But believing that person is an extremely important part of this process, especially for church leaders -- being able to make a safe space, and to have processes for people to be able to record or to tell their stories.
Then it’s important for us to be able to take God and what happened to that person and then disentangle those two things from each other.
Because for many people who have these wounding experiences, those things become enmeshed. People think that it was God who wounded them, God who hurt them.
Q: How did you retain your faith, both in God and in the institutional church?
One of the very disconcerting things happening right now is that so many of our institutions in our country are being dismantled. I see this, and it makes me worried, because it feels like we’re tearing apart something that’s extremely important.
I’ve always been someone who really believes in the institution, and the institutional church. I’m part of the denomination because I believe that we have that history that we can lean upon.
I believe that we have those checks and balances in place. I believe that we’re hooked into something larger and so it’s harder for us to throw away things, and I think that’s really important.
It helps us to be able to put a check on some of the sexism or some of the racism that can occur.
All of that said, oftentimes we make mistakes, and when those mistakes happen institutionally, they can become extremely large. We’re seeing this with the pedophile cases in the Roman Catholic Church. We’re watching how the institution covered up and worked to protect itself. So just like any human, just like any religion, just like any organization, we can be very good or we can be very destructive.
I believe that the institutions are our best form of checks and balances. It’s our best form of making sure that a whole and healthy faith can go forth.
One of the best ways to do it is to be vigilant, and allow that room and that process for truth telling.
Q: Did the spiritual-but-not-religious path appeal to you?
I needed community to be able to heal.
I needed the ancient liturgy, and the tradition that had long historic roots. I needed to rely on those things to show me a loving God, to show me that there has been a God throughout the ages who has been merciful and who has been just. I wasn’t able to conjure that up by myself.
I needed to do that within the community. I needed to do it within seminary. I needed to connect with God within the beauty and the art and the singing of a historic tradition.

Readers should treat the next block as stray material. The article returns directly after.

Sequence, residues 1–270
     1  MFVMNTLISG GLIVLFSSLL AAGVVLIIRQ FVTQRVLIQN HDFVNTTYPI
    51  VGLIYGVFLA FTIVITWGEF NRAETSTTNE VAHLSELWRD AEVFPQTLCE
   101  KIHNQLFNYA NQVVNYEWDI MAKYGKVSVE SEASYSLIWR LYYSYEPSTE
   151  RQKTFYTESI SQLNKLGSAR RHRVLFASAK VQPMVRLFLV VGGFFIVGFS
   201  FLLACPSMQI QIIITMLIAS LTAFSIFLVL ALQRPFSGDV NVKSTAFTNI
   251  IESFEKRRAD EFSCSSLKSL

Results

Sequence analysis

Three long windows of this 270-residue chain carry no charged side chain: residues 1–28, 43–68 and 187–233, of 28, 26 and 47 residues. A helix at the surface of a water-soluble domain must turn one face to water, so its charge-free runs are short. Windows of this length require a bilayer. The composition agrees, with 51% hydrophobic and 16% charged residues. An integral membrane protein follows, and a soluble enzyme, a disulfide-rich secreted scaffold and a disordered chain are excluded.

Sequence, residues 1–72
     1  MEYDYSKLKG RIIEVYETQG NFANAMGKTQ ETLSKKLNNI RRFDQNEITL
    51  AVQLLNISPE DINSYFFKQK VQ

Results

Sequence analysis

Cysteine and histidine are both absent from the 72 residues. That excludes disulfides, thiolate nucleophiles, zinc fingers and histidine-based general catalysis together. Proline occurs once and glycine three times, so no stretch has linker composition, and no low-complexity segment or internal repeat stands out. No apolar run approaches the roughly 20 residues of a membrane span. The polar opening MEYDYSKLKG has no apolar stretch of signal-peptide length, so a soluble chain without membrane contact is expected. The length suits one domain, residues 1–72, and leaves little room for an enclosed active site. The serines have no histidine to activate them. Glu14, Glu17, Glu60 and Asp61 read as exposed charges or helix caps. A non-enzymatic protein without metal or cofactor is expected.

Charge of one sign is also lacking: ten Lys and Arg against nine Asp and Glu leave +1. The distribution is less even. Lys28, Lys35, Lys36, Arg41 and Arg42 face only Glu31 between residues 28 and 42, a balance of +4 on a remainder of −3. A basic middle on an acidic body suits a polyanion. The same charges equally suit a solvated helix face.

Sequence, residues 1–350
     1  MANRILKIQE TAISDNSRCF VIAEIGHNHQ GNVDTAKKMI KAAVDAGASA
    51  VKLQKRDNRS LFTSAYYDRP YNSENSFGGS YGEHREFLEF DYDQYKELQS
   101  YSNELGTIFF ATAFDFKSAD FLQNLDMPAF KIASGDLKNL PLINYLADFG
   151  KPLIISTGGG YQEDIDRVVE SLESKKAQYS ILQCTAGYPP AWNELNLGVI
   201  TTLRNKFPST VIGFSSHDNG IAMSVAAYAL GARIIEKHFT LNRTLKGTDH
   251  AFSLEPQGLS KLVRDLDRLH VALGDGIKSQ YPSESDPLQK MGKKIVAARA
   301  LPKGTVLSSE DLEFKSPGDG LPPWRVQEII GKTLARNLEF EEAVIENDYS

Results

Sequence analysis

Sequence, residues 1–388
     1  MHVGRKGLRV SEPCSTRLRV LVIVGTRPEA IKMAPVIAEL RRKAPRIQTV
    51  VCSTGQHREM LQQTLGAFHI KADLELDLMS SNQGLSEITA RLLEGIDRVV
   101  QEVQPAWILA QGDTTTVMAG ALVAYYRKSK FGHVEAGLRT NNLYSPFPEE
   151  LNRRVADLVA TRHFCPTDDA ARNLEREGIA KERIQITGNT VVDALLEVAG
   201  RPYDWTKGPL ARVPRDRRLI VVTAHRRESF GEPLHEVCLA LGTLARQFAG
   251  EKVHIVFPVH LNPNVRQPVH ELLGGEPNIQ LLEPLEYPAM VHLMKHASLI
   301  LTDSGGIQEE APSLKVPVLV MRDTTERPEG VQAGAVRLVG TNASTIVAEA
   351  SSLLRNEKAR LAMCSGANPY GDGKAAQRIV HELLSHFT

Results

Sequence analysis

I tell a story in the book that there was a point in my life where I couldn’t really disentangle God from the abuse that I had gone through. The thing that helped me was going to services and singing and having that chant go through my mind over and over and over again: “Bless the Lord, my soul, and bless God’s holy name, who leads me into life.”
And just being able to say those words again and again helped me to connect to a life-giving God.
Then I began to read the science that’s behind it. Neurologists tell us how this sort of singing or meditation or liturgy -- it actually rewires our brain. You can see this when we look at political rallies.
And so there’s great power in these spaces, these shared spaces.
So for me, even though church was a place where I had been wounded, I knew it was the place where I could be healed, because I could connect with these liturgies. I could connect with the prayer; I could connect with the song, with the tradition.
The other thing that was really important for me was being surrounded by people who could hold my faith when I wasn’t able to have it.
And so knowing that I could walk into church, and maybe I couldn’t believe that Sunday, but I was standing in a tradition, and I was standing with a group of people who could believe, who would buoy me, who would uphold me until I was able to get to that faith.
I have worked with people who aren’t able to go back to church. I tell a story about a man who became physically nauseous each time he would go to church, because he had been a victim of a pedophile pastor.
And absolutely, if a person is in that situation, I completely understand if they’re not able to go to church. But for the most part, I found it to be a place that can be extremely life-giving, and extremely empowering for people.
Q: Do you recommend any particular way of approaching healing for folks who also are in the position of representing the church?
It’s hard to work in the church without getting wounded by it, and I’m constantly talking to people who have been wounded by the church. Oftentimes we are dependent upon the community of faith that we’re leading to get our spiritual nourishment, and oftentimes when we’re working through these sorts of wounding experiences, we have to find another community.
And that’s difficult, because we’re working on Sunday morning, and there are not a lot of places where we can find that community. But we can be very intentional about it, either through finding a cohort group or finding a place where we can do Christian education with a group of people that we can really lean on and learn to love.
But I think those spaces of community, those spaces of caring, are extremely important for pastors and for many church professionals.
Having colleagues that you can trust, having people that you can rely upon, having those spaces for yourself to be able to walk through the steps of healing and reconciling with God -- it can be more important for church leaders, I think, than for laypeople.
I wouldn’t counsel pastors to talk about a lot of the stuff with their congregations until they’ve dealt with it.
I know we really love authenticity. It’s sort of a buzzword these days, and so pastors often feel like they’re being more authentic if they’re able to share what they’re going through. But sometimes that ends up just bleeding all over the congregation, using the pulpit as a therapy couch, and that’s just not fair to the people.
We can’t always get all of our act together, but we need to try before we emote all over people.